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Computer science camp created by high schoolers expands

Courtesy of Ground Up
A previous session of Ground Up computer science camp

Ground Up computer science camp, which was started by two high schoolers, has expanded this summer beyond its pilot program.

Co-founder and rising senior at Newark Charter School Noah Rossi wasn’t satisfied with the computer science offered in school growing up. So he taught himself some skills with the help of the internet, and then decided to share them with other students.

In middle school, his dad helped him start a summer class at his school, Newark Charter.

Two years ago, he and a friend, Daniel Gott, took over teaching that class, writing the curriculum and handling most of the business aspects. They registered it as a LLC this spring.

The camp is teaching over 40 middle schoolers the basics of coding this summer.

“We’re using Python,” he said. “It’s what powers YouTube for instance.”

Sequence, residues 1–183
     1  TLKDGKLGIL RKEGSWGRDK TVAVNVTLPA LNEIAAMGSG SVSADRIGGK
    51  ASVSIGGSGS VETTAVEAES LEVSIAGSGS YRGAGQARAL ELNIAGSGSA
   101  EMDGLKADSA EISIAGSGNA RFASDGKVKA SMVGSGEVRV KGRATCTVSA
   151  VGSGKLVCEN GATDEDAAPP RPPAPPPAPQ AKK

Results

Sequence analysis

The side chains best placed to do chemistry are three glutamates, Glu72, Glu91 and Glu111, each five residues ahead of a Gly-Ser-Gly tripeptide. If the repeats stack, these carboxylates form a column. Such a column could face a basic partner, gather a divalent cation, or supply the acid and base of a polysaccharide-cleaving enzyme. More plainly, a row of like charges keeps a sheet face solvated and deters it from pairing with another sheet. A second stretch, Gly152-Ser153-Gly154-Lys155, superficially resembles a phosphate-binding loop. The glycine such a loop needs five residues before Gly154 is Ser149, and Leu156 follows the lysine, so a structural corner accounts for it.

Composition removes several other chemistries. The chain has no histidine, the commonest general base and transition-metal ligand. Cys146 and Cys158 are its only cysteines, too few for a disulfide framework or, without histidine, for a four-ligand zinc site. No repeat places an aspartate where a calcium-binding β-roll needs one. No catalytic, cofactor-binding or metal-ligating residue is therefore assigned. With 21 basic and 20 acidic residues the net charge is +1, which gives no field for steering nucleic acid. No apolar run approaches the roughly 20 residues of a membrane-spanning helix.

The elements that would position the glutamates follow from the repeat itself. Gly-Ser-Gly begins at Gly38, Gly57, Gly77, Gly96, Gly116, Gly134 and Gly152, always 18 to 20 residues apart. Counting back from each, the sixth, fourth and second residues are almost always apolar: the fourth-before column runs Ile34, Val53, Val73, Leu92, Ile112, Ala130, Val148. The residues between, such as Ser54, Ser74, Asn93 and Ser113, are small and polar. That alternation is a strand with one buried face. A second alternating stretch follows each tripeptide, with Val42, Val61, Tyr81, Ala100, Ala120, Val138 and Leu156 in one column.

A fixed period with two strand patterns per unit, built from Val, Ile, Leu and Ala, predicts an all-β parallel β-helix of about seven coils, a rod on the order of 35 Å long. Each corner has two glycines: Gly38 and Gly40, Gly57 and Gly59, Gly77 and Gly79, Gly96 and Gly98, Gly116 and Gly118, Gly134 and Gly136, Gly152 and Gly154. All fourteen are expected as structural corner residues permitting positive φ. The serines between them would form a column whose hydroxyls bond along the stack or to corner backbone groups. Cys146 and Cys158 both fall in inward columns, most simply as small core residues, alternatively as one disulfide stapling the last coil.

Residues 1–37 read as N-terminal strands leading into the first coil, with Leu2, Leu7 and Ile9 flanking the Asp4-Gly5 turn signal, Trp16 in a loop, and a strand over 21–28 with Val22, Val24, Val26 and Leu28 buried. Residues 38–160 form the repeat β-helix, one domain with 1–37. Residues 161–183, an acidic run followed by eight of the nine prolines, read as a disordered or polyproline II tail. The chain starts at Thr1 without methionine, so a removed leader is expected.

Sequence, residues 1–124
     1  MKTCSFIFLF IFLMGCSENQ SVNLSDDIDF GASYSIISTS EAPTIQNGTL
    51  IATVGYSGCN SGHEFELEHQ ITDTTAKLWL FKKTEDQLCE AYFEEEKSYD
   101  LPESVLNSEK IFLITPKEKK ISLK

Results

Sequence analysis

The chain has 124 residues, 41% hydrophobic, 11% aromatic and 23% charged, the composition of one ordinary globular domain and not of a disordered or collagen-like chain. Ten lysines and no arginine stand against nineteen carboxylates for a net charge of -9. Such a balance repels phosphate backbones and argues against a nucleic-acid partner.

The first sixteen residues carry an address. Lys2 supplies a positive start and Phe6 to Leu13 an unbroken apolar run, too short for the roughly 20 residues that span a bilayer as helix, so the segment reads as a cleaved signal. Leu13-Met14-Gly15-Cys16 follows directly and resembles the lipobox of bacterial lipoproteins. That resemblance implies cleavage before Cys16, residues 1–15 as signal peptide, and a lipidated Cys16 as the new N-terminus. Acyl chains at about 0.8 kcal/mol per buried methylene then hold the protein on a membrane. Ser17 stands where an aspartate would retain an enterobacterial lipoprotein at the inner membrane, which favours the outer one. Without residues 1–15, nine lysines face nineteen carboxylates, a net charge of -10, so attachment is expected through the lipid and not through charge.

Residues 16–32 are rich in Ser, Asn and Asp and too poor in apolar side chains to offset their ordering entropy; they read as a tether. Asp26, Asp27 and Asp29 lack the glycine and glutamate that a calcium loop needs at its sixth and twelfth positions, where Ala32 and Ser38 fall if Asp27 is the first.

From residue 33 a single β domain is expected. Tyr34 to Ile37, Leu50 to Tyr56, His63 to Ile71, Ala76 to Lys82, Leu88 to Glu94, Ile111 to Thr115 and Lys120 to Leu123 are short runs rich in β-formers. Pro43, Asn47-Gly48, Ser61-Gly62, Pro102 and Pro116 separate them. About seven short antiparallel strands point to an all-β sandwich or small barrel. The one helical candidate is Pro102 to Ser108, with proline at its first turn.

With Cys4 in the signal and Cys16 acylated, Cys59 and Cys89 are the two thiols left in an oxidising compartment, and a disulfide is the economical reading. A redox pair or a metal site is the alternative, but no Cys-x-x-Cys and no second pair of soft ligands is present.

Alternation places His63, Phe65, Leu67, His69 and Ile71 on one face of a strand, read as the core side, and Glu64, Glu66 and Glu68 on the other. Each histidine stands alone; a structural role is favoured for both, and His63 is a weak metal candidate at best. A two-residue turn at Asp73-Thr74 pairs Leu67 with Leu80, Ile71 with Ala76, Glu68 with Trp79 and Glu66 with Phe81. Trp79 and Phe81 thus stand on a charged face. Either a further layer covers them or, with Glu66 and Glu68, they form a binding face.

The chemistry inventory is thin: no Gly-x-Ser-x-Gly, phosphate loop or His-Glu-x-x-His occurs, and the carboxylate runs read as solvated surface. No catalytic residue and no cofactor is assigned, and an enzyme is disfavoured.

Python is a text-based coding language, as opposed to a than a drag-and-drop language, which Rossi says most schools teach.

“Even in middle school, I’ve found that the kids can handle it,” he said. “They can really take advantage of the full computing powers of these systems.”

Kids enrolled in Ground Up learn to install an operating system and do self-driven projects, like coding games.

The camp even lets students keep the computer they program. These inexpensive Raspberry Pis are about the size of a credit card, and needs to be connected to a keyboard and monitor.

This summer, the camp expanded and is holding three sessions—one at Newark Charter School, one through Newark’s Department of Parks and Rec and one at SummerCollab’s Tyler’s camp for low-income middle schoolers.

The last session begins this week.


Sophia Schmidt is a Delaware native. She comes to Delaware Public Media from NPR’s Weekend Edition in Washington, DC, where she produced arts, politics, science and culture interviews. She previously wrote about education and environment for The Berkshire Eagle in Pittsfield, MA. She graduated from Williams College, where she studied environmental policy and biology, and covered environmental events and local renewable energy for the college paper.